Big Internet Firms to Oppose GOP Plans to Roll Back Net-Neutrality Rules

Big Internet Firms to Oppose GOP Plans to Roll Back Net-Neutrality Rules

The Internet Association trade group has told the Federal Communications Commission chairman that the Obama-era rules are ‘vital’ to a ‘free and open internet’

By John D. McKinnon April 12, 2017 6:00 a.m. ET

WASHINGTON—Big internet firms on Tuesday told federal regulators that they would oppose Republicans’ plans to roll back net Obama-era neutrality rules, adding to signs of a looming political clash.

The Internet Association, a trade group that includes companies such as of Netflix Inc. and Facebook Inc., told Federal Communications Commission Chairman Ajit Pai in a meeting that it “continues its vigorous support of the FCC’s [net-neutrality] order,” the group said in a regulatory filing. It added that the net-neutrality rules are “a vital component of the free and open internet.”

The FCC declined to comment.

Individual companies involved in the group, such as Alphabet Inc.’s Google, didn’t comment on the meeting, but the organization itself indicated its members were united in their view.

“The internet industry is uniform in its belief that net neutrality preserves the consumer experience, competition, and innovation online,” the group said. “In other words, existing net-neutrality rules should be enforced and kept intact.”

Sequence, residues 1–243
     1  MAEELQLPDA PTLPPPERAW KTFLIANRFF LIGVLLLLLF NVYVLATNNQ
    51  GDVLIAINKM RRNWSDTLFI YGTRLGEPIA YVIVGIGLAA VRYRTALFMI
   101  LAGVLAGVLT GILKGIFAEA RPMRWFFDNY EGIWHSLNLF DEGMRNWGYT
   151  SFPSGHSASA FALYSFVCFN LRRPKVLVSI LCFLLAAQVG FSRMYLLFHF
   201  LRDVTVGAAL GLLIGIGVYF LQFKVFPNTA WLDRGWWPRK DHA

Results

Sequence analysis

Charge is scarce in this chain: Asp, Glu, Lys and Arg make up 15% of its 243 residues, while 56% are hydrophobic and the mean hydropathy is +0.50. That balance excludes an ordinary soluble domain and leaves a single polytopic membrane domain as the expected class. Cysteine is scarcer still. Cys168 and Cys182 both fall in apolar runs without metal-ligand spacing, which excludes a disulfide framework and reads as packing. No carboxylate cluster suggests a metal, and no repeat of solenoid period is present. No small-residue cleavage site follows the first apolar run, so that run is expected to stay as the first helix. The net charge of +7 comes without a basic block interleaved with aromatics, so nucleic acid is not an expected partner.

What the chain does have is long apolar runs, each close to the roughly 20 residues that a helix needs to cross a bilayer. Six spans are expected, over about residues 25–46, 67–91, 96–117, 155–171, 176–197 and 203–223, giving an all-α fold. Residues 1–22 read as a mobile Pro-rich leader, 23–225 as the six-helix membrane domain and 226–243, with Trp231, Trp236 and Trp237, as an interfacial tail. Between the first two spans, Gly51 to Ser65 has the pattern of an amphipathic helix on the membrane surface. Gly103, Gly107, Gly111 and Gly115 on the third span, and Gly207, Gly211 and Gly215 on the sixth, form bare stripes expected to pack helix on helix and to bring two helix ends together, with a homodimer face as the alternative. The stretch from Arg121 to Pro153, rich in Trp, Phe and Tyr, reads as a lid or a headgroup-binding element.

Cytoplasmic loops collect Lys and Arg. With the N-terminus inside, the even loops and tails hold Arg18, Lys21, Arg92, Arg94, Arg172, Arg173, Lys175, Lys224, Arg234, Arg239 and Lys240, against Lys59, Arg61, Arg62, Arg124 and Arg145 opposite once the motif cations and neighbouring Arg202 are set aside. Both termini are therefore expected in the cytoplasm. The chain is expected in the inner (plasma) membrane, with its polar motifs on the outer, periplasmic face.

Tuesday’s meeting followed one last week in which Mr. Pai, who was appointed chairman by President Donald Trump, suggested privately to telecommunications industry groups that he is aiming to propose reversing the FCC’s 2015 net-neutrality order soon.

Those rules require internet-service providers such as cable and wireless firms to treat all internet traffic the same. The internet-service providers generally have opposed the rules, arguing that the FCC went too far in reclassifying them as common carriers. They say they support the basic outlines of net neutrality, however.

The plan, still being developed by Mr. Pai, apparently is expected to attempt to preserve basic elements of net neutrality, such as no blocking or throttling, while eventually shifting oversight responsibility to the Federal Trade Commission and reversing the reclassification.

After his meeting last week, word of his plans quickly spread through the internet community, and activists said they were mobilizing to fight it, setting up a replay of epic battles in 2014 and 2015 over net neutrality.

Many consumer groups and congressional Democrats argue that the current rules—including reclassification—are necessary to preserve competition. Telecommunications firms have said little publicly.

The Internet Association’s regulatory filing holds out some potential room for compromise. The association said that while it “continues its work to protect consumers by maintaining existing FCC rules, its primary focus is on the end result—meaningful net-neutrality rules that withstand the test of time.”

The association has previously argued that reclassification of internet-service providers as common carriers isn’t necessary to effective open-internet regulation. Still, Tuesday’s regulatory filing suggests the group has begun to mount a vigorous defense of the existing FCC rules. Notably, the group said the rules should be enforced by the FCC.

Any effort by Mr. Pai to tamper with the reclassification is also likely to be met by fierce opposition from consumer groups and Democrats on Capitol Hill.

Write to John D. McKinnon at


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